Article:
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A poem by Edgar A. Guest


Title:     Tonsils
Author: Edgar A. Guest [More Titles by Guest]

One day the doctor came because my throat was feeling awful sore,
And when he looked inside to see he said: "It's like it was before;
It's tonserlitis, sure enough. You'd better tell her Pa to-day
To make his mind up now to have that little party right away."

I'd heard him talk that way before when Bud was sick, and so I knew
That what they did to him that time, to me they planned to come and do.
An' when my Pa came home that night Ma said: "She can't grow strong and stout
Until the doctor comes an' takes her addynoids an' tonsils out."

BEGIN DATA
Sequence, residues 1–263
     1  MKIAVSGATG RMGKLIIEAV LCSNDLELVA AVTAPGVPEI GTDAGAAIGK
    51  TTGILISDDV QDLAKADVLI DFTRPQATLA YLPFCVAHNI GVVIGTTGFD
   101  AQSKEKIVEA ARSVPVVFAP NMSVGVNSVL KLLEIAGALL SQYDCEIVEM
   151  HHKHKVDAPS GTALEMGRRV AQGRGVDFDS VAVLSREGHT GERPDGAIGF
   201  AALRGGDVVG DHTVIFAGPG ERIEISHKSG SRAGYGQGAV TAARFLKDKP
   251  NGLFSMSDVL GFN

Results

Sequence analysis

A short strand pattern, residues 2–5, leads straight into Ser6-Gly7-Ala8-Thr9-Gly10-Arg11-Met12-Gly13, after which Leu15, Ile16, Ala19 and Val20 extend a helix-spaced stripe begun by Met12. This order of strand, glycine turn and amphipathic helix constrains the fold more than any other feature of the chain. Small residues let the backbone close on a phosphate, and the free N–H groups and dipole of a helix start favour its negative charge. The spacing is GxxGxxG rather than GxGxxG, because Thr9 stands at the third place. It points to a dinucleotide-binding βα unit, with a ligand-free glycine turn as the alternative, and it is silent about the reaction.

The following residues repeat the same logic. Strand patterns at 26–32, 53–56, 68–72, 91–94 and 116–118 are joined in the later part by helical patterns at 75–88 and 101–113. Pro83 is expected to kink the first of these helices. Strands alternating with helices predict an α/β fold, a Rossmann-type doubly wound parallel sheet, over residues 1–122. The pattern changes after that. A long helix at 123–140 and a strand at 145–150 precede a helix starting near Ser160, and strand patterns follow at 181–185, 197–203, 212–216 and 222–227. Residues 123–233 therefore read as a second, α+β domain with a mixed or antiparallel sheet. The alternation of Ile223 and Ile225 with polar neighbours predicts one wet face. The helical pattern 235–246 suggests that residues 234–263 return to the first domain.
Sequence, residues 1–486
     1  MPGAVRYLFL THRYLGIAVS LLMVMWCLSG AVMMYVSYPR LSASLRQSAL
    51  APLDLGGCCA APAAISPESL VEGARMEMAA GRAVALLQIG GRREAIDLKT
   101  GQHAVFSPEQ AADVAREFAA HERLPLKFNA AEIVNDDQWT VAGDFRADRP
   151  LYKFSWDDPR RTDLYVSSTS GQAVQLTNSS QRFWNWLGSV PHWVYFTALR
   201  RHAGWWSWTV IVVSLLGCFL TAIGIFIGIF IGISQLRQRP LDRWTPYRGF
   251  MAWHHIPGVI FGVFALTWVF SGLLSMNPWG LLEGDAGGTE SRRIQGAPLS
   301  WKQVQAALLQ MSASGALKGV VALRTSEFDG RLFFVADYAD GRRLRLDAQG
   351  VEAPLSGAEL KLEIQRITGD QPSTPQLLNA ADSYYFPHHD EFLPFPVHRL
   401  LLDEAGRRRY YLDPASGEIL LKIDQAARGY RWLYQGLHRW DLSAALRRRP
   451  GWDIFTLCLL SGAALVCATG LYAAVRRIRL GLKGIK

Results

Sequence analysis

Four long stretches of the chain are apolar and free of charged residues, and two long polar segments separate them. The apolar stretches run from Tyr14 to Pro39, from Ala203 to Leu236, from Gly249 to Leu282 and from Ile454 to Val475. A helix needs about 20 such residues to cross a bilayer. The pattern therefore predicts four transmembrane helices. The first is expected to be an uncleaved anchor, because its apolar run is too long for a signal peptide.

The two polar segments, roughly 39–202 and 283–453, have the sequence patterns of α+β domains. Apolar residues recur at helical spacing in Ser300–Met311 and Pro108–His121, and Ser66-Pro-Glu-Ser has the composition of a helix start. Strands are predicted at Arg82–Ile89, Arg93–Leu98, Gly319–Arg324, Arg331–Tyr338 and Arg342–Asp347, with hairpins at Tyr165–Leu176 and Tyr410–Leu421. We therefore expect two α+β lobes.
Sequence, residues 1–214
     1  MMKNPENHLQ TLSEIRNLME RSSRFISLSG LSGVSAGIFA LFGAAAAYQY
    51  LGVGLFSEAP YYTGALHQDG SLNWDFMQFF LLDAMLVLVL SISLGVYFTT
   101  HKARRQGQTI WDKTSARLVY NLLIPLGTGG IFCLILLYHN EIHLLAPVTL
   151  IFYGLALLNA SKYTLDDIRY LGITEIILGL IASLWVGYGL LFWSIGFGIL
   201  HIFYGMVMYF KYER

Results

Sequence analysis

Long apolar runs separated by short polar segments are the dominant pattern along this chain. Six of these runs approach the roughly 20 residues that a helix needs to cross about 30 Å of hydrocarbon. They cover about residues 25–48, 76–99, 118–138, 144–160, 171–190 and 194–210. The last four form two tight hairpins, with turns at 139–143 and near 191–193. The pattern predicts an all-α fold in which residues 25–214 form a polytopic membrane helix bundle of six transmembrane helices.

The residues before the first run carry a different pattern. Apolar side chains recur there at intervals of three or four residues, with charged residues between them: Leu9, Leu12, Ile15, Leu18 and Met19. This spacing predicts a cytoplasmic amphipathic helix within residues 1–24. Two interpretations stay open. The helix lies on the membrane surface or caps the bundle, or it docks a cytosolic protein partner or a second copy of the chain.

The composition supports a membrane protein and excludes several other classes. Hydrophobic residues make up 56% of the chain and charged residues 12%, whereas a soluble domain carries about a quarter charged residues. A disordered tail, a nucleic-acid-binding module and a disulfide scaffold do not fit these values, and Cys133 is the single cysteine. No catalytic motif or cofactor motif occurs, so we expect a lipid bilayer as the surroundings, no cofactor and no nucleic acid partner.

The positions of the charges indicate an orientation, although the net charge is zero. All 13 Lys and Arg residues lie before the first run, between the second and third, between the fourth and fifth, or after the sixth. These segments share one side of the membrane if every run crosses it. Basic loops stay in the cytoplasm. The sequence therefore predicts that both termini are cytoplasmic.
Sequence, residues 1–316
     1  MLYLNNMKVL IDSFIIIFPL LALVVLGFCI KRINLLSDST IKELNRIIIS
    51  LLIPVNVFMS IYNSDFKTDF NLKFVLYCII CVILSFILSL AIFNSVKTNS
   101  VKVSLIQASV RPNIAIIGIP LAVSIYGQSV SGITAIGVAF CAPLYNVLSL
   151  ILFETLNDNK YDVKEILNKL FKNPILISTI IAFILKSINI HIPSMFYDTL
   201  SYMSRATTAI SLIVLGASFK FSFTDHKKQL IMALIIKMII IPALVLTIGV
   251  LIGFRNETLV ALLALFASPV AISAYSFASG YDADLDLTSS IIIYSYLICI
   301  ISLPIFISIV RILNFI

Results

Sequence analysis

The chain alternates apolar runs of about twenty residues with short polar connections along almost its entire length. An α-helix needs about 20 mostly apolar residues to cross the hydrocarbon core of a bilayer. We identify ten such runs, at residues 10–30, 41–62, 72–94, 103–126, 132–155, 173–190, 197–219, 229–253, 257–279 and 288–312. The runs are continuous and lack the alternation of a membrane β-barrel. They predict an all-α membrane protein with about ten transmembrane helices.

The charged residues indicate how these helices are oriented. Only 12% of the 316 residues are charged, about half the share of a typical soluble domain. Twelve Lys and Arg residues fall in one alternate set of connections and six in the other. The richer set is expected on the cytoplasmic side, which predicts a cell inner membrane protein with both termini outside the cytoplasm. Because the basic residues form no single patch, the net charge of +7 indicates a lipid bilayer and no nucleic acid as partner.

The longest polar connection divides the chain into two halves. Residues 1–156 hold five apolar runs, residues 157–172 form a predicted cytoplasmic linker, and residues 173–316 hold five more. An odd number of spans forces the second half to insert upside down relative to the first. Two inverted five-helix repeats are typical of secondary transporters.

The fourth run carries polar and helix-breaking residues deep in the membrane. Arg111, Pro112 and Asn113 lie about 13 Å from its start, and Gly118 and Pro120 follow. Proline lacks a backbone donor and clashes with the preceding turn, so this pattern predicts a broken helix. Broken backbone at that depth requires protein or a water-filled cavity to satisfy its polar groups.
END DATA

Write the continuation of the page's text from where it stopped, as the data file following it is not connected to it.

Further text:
An' then Pa took me on his knee and kissed me solemn-like an' grave,
An' said he guessed it was the best, an' then he asked me to be brave.
Ma said: "Don't look at her like that, it's nothing to be scared about";
An' Pa said: "True, but still I wish she needn't have her tonsils out."

Next morning when I woke, Ma said I couldn't have my breakfast then,
Because the doctors and the nurse had said they would be here by ten.
When they got here the doctor smiled an' gave me some perfume to smell,
An' told me not to cry at all, coz pretty soon I would be well.

When I woke up Ma smiled an' said: "It's all right now"; but in my head
It seemed like wheels were buzzing round and everywhere I looked was red.
An' I can't eat hard cookies yet, nor use my voice at all to shout,
But Pa an' Ma seem awful glad that I have had my tonsils out.

[The end]
Edgar A. Guest's poem: Tonsils